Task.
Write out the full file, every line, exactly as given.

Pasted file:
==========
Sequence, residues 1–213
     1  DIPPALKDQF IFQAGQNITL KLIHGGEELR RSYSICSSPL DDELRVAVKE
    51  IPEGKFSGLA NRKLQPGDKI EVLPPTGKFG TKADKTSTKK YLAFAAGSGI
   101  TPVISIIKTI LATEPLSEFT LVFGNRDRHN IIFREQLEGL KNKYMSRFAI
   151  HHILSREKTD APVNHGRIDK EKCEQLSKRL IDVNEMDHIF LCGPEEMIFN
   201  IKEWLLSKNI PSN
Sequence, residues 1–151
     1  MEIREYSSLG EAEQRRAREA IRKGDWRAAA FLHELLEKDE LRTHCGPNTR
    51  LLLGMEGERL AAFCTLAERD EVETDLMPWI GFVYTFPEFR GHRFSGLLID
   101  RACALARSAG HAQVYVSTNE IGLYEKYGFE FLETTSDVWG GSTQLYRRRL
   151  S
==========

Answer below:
Sequence, residues 1–213
     1  DIPPALKDQF IFQAGQNITL KLIHGGEELR RSYSICSSPL DDELRVAVKE
    51  IPEGKFSGLA NRKLQPGDKI EVLPPTGKFG TKADKTSTKK YLAFAAGSGI
   101  TPVISIIKTI LATEPLSEFT LVFGNRDRHN IIFREQLEGL KNKYMSRFAI
   151  HHILSREKTD APVNHGRIDK EKCEQLSKRL IDVNEMDHIF LCGPEEMIFN
   201  IKEWLLSKNI PSN
Sequence, residues 1–151
     1  MEIREYSSLG EAEQRRAREA IRKGDWRAAA FLHELLEKDE LRTHCGPNTR
    51  LLLGMEGERL AAFCTLAERD EVETDLMPWI GFVYTFPEFR GHRFSGLLID
   101  RACALARSAG HAQVYVSTNE IGLYEKYGFE FLETTSDVWG GSTQLYRRRL
   151  S